Joint long life prayer for Kunzig Shamar Rinpoche’s reincarnation by Trinley Thaye Dorje and Ogyen Trinley Dorje
October 27, 2019
Thaye Dorje, His Holiness the 17th Gyalwa Karmapa, shares the following message in the wake of recent disasters in Greece and Laos:
Dear dharma friends
The devastating wildfires near Athens in Greece have claimed the lives of at least 76 people. The scenes of people fleeing for safety from the flames, mourning the loss of their loved ones, may understandably give rise to emotion.
And so it is with the dam collapse in south-east Laos, which led to flash floods that killed at least 20 people, with more than 100 still missing. The aerial images of homes submerged by water, with villagers and children stranded on rooftops, may be upsetting for some of us.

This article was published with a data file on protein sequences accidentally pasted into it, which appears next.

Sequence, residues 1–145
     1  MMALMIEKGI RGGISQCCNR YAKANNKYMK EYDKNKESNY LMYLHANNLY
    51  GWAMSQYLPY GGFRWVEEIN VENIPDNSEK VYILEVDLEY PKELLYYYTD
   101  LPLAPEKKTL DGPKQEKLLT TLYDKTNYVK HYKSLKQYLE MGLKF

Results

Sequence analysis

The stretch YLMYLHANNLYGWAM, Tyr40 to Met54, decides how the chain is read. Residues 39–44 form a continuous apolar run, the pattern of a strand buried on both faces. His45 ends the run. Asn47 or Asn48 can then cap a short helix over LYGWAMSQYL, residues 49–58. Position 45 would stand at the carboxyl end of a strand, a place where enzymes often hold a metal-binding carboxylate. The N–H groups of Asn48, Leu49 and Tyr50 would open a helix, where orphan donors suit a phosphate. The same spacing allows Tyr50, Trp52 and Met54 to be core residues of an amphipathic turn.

The practice of the Buddha dharma is a path to mastering our emotions, rather than letting our emotions control us. This is not about being heartless or uncompassionate – quite the opposite.
It is at times like these, when natural or unnatural disasters strike, or when we experience tragedy in our personal lives, when the benefits of our practice – a practice of compassion – are most keenly experienced. The purpose of our practice is to give rise to Bodhicitta, the human heart.
Through the practice of the Buddha dharma, we are able to experience limitless compassion and wisdom. We are no longer overwhelmed by anger, fear, or other afflictive emotions (klesa), and are instead able to tap into our Inner Wealth, our innate values, for the benefit of all. We experience all compounded phenomena as impermanent. In time, we are able to let go of fear and anger altogether, and let compassion rise.
As I have said before, the compassionate heart is even more precious than a Buddha. In the human heart, we see limitless hope.
Therefore, let us practice and pray for those affected by these and all disasters, and may the benefits of our compassionate hearts reach all sentient beings.
His Holiness the 17th Gyalwa Karmapa